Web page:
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19 Apr, 2023 21:01

Ukraine demands oil giant’s ‘Russian blood money’ – Politico

Kiev wants more than a billion dollars from the sale of Shell’s assets in Russia
Ukraine demands oil giant’s ‘Russian blood money’ – Politico

An adviser to Ukrainian President Vladimir Zelensky has asked oil giant Shell to donate the proceeds from the sale of its Russian assets to Ukraine, Politico reported on Tuesday. 

In a letter to Shell CEO Wael Sawan dated Monday, Oleg Ustenko, an economic adviser to Zelensky, reportedly called on the firm to donate the proceeds from a supposedly upcoming sale of its stake in a Siberian oil and gas project to Kiev’s coffers.

“If completed, this sale would represent the transfer of more than $1 billion in Russian cash into Shell’s accounts. That would be blood money, pure and simple,” Ustenko wrote, according to Politico. “We call on Shell to put any Russian sale or dividend proceeds to work for the victims of the war – the same war that those assets have fuelled and funded.”

Ustenko added that there is an “overwhelming” moral case for handing the cash over to his government.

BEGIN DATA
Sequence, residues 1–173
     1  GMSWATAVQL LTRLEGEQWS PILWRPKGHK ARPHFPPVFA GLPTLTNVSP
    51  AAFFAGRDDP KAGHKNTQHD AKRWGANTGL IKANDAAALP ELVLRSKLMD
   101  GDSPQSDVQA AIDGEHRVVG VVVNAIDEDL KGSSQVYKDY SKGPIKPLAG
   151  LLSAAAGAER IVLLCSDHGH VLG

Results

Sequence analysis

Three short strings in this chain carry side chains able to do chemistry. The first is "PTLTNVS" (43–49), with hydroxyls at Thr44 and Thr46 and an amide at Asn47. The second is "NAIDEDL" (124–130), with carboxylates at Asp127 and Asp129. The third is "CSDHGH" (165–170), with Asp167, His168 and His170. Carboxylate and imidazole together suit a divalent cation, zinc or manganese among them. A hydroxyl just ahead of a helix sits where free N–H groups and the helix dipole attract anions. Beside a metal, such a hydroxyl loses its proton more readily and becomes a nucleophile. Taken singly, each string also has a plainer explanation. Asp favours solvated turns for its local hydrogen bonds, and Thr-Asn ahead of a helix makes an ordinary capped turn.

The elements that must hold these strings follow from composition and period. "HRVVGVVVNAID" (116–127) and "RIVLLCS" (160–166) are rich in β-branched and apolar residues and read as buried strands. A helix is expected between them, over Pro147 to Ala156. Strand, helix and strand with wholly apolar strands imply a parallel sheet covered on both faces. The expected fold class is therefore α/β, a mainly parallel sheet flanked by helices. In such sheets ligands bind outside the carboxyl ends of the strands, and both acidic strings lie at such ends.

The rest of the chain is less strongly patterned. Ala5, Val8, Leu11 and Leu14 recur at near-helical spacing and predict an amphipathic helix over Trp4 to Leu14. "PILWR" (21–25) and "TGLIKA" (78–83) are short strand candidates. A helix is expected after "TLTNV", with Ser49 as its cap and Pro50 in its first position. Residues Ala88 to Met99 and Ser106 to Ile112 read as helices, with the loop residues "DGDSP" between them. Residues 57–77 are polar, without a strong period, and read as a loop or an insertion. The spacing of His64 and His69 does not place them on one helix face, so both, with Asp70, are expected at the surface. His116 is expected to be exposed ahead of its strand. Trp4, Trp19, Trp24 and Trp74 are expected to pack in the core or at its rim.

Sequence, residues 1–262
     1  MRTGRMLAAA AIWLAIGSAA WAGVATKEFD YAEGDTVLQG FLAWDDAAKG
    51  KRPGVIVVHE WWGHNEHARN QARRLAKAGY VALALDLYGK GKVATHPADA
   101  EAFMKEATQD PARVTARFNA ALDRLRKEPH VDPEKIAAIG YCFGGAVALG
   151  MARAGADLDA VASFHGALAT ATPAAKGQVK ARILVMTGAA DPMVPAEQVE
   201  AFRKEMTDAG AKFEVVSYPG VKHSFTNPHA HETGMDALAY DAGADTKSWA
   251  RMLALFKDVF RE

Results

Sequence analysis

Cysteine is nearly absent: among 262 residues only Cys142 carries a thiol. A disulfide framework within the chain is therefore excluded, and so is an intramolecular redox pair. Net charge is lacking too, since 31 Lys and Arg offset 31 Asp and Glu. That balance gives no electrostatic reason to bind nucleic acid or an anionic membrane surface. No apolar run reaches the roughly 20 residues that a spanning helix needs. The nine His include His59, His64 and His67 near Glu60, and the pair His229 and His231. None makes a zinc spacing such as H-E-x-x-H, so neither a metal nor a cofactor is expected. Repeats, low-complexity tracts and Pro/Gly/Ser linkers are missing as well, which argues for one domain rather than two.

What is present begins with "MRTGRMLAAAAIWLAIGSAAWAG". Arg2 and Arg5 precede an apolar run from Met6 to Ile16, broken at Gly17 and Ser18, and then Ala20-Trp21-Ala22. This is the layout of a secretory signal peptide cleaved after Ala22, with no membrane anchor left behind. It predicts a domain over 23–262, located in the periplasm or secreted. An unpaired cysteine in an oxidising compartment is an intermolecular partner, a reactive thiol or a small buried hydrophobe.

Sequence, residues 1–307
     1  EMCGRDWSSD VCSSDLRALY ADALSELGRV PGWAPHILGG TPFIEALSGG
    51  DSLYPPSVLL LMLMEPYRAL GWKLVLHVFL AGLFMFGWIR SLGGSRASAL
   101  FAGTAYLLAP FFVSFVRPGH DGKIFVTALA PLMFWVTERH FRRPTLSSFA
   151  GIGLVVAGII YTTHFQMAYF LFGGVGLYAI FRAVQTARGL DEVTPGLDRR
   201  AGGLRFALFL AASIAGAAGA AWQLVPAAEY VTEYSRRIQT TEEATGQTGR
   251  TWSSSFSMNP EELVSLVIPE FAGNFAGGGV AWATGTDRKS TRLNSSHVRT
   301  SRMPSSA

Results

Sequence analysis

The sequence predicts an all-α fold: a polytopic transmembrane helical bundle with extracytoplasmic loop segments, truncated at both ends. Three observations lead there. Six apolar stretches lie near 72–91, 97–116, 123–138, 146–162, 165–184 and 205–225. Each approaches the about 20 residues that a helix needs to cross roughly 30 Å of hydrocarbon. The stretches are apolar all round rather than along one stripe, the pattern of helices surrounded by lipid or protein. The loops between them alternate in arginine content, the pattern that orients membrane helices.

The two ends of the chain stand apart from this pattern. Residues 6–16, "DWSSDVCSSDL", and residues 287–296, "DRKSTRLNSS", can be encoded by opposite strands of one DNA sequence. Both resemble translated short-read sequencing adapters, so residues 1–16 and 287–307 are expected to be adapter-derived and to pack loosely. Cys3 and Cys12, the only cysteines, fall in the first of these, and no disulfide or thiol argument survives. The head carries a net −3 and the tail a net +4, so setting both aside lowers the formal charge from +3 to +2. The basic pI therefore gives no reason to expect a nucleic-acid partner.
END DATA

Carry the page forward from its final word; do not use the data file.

Shell pulled out of the Russian market after Moscow launched its military operation in Ukraine last February, announcing that it would write off up to $5 billion of its assets in the country. 

According to Russian media reports last week, Shell’s stake in the Sakhalin-2 oil and gas development project will be bought out by Russian energy company Novatek for around $1.1 billion, although it is unclear whether the proceeds from this buyout will end up in the British oil firm’s hands.

A Shell spokesperson told Politico that it is not involved in any negotiations inside Russia, and has no idea where the money from the sale will end up. The company did not say whether it would honor Ustenko’s request if possible.

Shell is not the only energy company being shaken down for cash by Kiev. Ustenko accused BP of taking “blood money” before it sold its share in Russian energy giant Rosneft last year, in addition to demanding almost half a trillion dollars from the Russian central bank’s frozen assets and asking Ukraine’s Western backers to double their financial aid to his country.

With the conflict keeping fossil fuel prices high, Ukrainian Energy Minister German Galushchenko called on other firms to share some of their “enormous windfall profits” with his government “to help us restore, to rebuild the energy sector,” Politico reported last month.



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